You've probably encountered it, even without realising at times; fake news is everywhere and the truth-rich reality that we have previously shared has taken quite a beating. The situation is not entirely new as fake news has always been with us, through hoaxes and humour, gossip and insinuation, and the National Enquirer or Sunday Sport; it always sells well. And we can certainly look to the darker moments of the last Century to see how out of control it can get. Or perhaps this Century. But what we cannot deny is that we seem to have a growing appetite for sensational news and Macedonian youths, amongst others, have fed upon that. But to really tackle the problem, we might need to look at other areas of online behaviour to start the process of bringing truth back home. So where do we start?
We must first look to the filter bubble, and the resulting echo chambers that the larger companies have promoted. It initially seems like a good idea to be repeatedly presented with what you want or like, through search engines or news feeds, and that you meet others through this. It feels pleasurable to find 'like'-minded individuals, and helps us feel less alone in our views and interests. But there are two consequences that need to be considered. Firstly, we start to become less critical in our thinking when a feeling of sameness with others grows. This can result in an astonishing and moving outpouring of grief, as we saw after the death of Princess Diana. But we can also switch off, and lose touch with why those who are different from us think and feel the way they do, and then lose touch with reality itself. In the famous myth of 'Echo and Narcissus', Narcissus, after rejecting Echo's love, becomes fascinated in a reflected image of all that he admires in himself; unable to look away, he wastes away and dies.
Yet fake news has a rather different quality to that of loved image, as it often provokes a powerful response of quite a different type: outrage. It is as if we become addicted to that emotion, and like an addict feeling empowered through using chemicals, we want more and more and more. And if you think addiction might be too strong a word for our fascination with sensationalistic news think about the name of but one channel: 'BuzzFeed'; you are fed trending news to get your 'buzz'.
Ironically, it is BuzzFeed who have provided us with an important analysis of how fake news rocketed on Facebook in the run-up to the US election (https://www.buzzfeed.com/craigsilverman/viral-fake-election-news-outperformed-real-news-on-facebook?utm_term=.ucVA2Nxoq#.pvLvbYqrB ), and the results are both shocking and fascinating. Each true and fake news piece was capable of generating quite a cocktail of anxiety and outrage in the reader, but it was greater with fake news. The intensity of this response is unlikely to support good judgement, but instead a demand for the release and satisfaction that only a mob affords. If we continue to pursue a business model in the media where only the extreme and outrageous stories are worthy of a click, one wonders what the future holds.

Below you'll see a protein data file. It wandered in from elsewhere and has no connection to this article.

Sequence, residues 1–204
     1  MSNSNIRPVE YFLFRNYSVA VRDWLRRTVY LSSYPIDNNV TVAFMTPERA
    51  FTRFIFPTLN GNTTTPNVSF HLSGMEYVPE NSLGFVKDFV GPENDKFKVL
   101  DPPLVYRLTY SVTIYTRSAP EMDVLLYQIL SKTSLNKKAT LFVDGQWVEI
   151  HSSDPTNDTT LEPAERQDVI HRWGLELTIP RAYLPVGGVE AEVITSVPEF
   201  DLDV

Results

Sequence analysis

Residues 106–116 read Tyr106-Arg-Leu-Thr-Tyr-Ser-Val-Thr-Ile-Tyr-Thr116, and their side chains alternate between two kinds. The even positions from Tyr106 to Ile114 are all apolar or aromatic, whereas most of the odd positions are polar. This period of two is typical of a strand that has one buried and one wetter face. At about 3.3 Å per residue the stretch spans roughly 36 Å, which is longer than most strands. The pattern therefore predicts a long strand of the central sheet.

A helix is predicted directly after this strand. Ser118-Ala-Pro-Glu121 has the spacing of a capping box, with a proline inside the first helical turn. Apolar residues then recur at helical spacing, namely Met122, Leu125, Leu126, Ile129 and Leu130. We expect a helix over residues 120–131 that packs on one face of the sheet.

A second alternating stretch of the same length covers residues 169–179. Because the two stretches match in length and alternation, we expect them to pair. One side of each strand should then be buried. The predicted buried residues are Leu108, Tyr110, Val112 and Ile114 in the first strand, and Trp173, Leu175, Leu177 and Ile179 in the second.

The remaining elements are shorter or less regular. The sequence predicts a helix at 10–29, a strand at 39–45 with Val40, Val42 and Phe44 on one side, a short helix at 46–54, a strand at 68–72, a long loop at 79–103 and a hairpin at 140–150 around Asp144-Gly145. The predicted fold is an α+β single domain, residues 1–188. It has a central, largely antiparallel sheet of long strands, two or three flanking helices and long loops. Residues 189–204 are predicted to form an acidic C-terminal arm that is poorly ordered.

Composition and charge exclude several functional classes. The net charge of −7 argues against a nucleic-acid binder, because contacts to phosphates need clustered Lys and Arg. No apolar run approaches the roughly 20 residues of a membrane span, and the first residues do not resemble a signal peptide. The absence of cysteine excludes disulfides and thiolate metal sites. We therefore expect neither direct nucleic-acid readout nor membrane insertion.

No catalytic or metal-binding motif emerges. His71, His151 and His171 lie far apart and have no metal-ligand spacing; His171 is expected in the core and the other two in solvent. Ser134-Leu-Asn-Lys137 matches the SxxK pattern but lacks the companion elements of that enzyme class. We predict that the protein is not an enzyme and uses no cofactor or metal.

Yet there is one other aspect of the fake news story that haunts; we might understand a lack of responsibility towards truthfulness in the excitable minds of Macedonian youths, but when we repeatedly see this become mainstreamed in political discussion, we must wonder what is at work. It seems to me that desensitisation to extreme content online over the last years has created not so much an 'online disinhibition effect' as described by John Suler, but an 'offline disinhibition effect'. Disinhibition on social media then becomes more acceptable offline. One feature of the online disinhibition effect is what Suler calls 'dissociative imagination', whereby everything becomes a game and thus unreal. When this goes offline, and is normalised, we can see why Mary Aiken suggested that Donald Trump displayed many of the qualities of an online troll, but offline ( http://time.com/4371724/welcome-to-the-troll-election/).
Of course, any addiction has a back story, and if many find the 'buzz' of fake news helpful in their daily lives, we might ask why. We all need to turn away from too many echoes and reflections, and look around us at the world we have, in the hope of making it better. And for that we do need real information, presented in ways that help us think and grow, and not leave us feeling cheated, empty and more than a little confused.Suggest a correction